Following are the features of the first Gaiatar. The original guitar
has 34 samples built-in, ranging from guitar and jazz organ riffs to
drum sequences to a few demos combining these bits. The original guitar
also has volume & speed/pitch controls.
1- Gold-plated RCA line out to feed effects, EQ & amp.
2- Speaker shut-off switch.
3- Reset switch (push-button, to remedy crashes).
4- Cadmium cell (CdS) switch (toggle on-off).
5- Laser switch (toggle on-off).
6- Laser. This projects a beam along the fretboard into a CdS cell within
the headstock. The beam is broken with fret (sample button) playing
(or otherwise by the fingers) causing the instrument's pitch to vary
wildly. At intense direct laser exposure the instrument at times is
thrown into hyper aleatorics. With the CdS cell turned off, the laser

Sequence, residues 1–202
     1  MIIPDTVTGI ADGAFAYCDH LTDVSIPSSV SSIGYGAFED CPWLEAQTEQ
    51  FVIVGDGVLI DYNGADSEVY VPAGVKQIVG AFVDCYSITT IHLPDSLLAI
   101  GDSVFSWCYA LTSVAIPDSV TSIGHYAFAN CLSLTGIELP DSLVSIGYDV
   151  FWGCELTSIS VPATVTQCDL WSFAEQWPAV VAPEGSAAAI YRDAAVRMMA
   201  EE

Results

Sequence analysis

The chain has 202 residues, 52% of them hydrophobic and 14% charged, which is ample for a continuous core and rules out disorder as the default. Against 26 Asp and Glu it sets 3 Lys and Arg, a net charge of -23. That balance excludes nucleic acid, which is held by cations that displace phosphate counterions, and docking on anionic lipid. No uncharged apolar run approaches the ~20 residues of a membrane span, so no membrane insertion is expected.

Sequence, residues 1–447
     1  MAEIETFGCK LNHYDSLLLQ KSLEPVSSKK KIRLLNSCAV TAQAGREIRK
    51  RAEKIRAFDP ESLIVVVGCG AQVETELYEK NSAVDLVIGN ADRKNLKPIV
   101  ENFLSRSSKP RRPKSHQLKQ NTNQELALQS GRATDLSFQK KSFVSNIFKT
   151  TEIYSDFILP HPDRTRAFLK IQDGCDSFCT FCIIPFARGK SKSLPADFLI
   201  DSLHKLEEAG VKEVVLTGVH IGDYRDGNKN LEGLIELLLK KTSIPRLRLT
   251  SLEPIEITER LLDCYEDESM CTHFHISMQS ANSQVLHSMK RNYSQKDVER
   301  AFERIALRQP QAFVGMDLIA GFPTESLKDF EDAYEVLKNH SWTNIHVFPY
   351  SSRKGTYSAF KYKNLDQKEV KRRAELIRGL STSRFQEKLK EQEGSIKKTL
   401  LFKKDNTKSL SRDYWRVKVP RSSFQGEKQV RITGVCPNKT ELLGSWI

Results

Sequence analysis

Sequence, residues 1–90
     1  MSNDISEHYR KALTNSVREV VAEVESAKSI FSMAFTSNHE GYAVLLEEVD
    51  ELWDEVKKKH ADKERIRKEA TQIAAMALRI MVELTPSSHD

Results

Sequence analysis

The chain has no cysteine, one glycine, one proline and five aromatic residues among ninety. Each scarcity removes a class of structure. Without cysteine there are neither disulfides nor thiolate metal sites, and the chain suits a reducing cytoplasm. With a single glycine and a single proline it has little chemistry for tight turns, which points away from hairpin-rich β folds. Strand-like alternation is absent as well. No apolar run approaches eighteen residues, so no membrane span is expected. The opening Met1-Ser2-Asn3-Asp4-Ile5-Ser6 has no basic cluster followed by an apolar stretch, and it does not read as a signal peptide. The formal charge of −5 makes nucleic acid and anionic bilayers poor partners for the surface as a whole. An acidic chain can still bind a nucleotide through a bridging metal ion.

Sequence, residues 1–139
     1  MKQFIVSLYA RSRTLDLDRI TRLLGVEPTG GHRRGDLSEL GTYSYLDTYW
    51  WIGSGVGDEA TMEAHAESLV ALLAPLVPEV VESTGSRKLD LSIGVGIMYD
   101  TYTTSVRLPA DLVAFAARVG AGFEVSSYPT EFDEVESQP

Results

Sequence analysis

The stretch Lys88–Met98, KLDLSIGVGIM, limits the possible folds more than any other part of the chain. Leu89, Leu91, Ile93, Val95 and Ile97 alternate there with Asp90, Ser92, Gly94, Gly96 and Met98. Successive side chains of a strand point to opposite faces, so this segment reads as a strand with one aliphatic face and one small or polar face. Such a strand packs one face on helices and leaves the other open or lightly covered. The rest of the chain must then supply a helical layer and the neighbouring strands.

flashes upon the player's moving fingers creating a strange, jumpy display.
A nice light show.
7- Headstock. Housing the CdS cell, this is an old doorbell switch from
the 1950's, complete with the low-beta-emitting classic BLUE glow-in-the-dark
plastic push-button. Remember?
8- "Resolve" dial. This is a master clock control giving range way beyond
the unit's built-in pitch dial. The knob is old, a rare green plastic
material with a basic black arrow across its face.
9- Three body-contacts. These, in differing combinations, will cause
electricity to flow through the player's body while affecting pitch,
tone and possible aleatoric response. Here is a real-time modulation
control, like the pitch-bend wheel on synths or the "whammy" bar on
guitars, except non-moving.
10- "Trance" push-button switch. Hitting this tiny white switch sends
a precise voltage burst into the central nervous system of the Gaiatar,
sending it into bizarre and varying aleatoric ramblings. These might
be on-going mixtures of on-board samples, "ring" modulated bits of these,
mixtures of these, perhaps time & tone adjusted, unrecognizable passages,
12- Pilot light eye. This is a medical-quality, prosthetic human eye
made for ocular replacement, and is hand-blown by a master maker in
Europe. Very real-looking. Unnerving. The eye is organically inset into